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Media Archaeology

This course is devoted to media archaeology, that is, historical research into forgotten, obsolete, neglected or otherwise dead media technologies. Depending on our understanding of “media” — one of the questions we’ll discuss — these might include forms as diverse as typewriters, phonographs, Polaroid photography, prison tattoo codes and the Victorian language of floral bouquets, outmoded video game platforms, computing systems, and musical instruments, smoke signals, scent organs, shorthand notation, and rocket mail delivery. Our premise is that understanding these things can help us gain a better sense of the development, meaning and legacy of media technologies, now and in the future; our goal is to introduce students to the skills and resources necessary for producing rigorous research on such obsolete and obscure media. The course will include an exposure to scholarship in media archaeology; an intensive introduction to research methods; finding and exploring word, image, and sound archives; and the restoration of media artifacts to their deep social, cultural and personal context. The course stems from the premise that media archaeology is best undertaken, like any archaeological project, collaboratively: we will follow a hands-on research studio model commonly used in disciplines such as architecture or design.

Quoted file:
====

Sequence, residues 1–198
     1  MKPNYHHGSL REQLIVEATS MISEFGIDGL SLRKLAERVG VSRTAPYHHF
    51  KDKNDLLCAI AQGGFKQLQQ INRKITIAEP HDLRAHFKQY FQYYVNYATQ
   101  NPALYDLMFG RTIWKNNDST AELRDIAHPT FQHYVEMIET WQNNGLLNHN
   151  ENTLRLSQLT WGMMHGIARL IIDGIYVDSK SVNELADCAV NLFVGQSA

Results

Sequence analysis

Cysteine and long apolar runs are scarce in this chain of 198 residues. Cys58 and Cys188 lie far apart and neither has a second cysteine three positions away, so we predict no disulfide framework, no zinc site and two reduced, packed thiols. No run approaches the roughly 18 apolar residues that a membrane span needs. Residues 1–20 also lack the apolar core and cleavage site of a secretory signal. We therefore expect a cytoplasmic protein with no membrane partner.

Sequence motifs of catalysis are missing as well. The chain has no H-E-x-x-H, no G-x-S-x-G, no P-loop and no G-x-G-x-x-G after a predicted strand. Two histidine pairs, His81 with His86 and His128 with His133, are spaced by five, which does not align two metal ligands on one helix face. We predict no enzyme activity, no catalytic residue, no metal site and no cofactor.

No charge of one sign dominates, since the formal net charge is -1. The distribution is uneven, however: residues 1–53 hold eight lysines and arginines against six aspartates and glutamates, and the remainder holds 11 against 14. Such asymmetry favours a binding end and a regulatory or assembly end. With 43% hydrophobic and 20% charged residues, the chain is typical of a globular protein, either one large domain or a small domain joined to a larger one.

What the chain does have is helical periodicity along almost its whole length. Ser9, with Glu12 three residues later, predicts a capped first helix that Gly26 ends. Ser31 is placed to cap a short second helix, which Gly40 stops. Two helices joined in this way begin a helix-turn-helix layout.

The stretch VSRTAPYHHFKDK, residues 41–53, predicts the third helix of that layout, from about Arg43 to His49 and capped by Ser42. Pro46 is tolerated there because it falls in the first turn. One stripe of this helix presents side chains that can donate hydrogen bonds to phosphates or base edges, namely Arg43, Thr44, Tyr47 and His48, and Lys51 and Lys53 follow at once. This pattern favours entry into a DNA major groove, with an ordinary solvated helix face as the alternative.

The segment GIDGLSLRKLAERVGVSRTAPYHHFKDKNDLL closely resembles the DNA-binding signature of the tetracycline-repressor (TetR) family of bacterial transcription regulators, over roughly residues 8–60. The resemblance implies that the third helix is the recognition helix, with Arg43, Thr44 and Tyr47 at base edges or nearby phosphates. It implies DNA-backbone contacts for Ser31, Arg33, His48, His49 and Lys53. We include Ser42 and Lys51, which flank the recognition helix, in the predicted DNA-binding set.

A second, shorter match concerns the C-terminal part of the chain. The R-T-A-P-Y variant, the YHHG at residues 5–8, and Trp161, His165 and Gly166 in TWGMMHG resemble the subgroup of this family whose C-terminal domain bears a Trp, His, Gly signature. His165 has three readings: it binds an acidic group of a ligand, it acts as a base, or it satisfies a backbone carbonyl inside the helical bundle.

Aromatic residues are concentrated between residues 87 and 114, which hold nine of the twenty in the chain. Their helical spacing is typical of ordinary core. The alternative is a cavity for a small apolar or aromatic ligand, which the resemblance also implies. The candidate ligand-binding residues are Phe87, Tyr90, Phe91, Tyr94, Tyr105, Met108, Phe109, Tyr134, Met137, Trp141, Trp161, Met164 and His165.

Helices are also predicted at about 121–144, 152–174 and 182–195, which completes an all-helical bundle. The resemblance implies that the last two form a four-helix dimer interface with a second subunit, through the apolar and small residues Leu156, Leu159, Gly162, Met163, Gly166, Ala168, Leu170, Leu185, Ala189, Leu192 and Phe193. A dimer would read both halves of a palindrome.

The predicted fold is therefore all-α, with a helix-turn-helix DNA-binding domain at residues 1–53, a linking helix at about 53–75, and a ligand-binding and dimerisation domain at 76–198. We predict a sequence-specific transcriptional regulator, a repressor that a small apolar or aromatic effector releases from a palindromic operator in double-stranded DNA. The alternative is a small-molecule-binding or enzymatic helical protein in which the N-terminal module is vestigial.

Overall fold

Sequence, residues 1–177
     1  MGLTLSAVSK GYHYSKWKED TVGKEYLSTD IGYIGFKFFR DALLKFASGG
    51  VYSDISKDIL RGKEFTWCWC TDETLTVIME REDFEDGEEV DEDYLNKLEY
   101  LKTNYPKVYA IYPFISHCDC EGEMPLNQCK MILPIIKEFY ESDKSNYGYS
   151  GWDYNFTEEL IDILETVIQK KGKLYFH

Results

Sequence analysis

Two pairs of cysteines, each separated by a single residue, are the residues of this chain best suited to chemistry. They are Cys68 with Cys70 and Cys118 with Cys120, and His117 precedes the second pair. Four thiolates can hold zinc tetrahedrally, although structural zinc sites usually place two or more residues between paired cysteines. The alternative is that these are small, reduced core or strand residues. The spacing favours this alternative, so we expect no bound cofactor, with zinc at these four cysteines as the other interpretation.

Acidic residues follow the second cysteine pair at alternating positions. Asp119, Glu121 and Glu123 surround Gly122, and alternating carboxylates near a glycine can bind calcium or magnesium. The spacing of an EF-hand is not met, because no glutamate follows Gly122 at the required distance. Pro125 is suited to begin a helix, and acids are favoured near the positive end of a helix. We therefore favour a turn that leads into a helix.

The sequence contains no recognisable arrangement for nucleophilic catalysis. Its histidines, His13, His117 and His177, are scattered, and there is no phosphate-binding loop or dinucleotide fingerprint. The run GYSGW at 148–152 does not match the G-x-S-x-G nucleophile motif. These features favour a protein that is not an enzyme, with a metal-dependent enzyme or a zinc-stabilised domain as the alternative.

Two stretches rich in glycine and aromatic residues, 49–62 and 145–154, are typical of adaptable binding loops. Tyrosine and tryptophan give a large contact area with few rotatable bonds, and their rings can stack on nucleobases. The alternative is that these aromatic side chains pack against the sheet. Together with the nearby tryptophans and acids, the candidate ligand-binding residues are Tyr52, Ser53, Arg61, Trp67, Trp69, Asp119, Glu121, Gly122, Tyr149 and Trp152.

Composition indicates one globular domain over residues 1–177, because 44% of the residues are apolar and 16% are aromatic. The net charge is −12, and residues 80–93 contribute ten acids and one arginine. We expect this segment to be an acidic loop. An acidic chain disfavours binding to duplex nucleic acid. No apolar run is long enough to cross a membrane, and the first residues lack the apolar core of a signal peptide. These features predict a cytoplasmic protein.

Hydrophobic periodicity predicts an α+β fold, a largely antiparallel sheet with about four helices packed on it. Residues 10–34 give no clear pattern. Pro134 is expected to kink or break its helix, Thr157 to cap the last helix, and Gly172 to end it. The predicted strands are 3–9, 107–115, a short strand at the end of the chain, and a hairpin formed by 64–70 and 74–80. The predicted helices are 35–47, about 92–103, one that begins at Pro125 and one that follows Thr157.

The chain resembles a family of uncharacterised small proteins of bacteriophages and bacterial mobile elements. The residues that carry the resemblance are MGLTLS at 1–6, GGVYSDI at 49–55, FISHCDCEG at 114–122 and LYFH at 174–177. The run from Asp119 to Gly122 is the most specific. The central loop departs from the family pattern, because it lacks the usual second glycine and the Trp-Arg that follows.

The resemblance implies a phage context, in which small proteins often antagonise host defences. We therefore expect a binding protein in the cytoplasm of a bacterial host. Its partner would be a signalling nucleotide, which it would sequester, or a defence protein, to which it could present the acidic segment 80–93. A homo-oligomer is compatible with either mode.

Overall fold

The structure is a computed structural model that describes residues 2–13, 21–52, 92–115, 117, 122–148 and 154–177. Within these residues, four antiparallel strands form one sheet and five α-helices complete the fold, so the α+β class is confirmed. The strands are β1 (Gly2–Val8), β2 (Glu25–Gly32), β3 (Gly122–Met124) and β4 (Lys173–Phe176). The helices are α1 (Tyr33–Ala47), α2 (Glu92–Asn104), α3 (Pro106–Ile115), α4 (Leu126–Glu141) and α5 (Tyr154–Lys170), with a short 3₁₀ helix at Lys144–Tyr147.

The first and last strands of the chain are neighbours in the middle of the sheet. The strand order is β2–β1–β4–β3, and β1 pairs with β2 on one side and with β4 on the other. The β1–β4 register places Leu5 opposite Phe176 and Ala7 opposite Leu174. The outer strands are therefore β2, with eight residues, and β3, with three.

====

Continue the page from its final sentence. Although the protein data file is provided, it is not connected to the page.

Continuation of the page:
Fall 2010 syllabus

Dossiers--Fall 2010

Dossiers--Spring 2010

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Critical Techniques

As a group we are developing a series of Critical Techniques that help facilitate the analysis of dead media artifacts.


Some entries in the archive are drawn from the Dead Media Project, an email list devoted to the topic started by Bruce Sterling and more recently moderated by Tom Jennings. The email list is now dead.


Lost formats

Obsolete Skills

The Evolution of Classroom Technology

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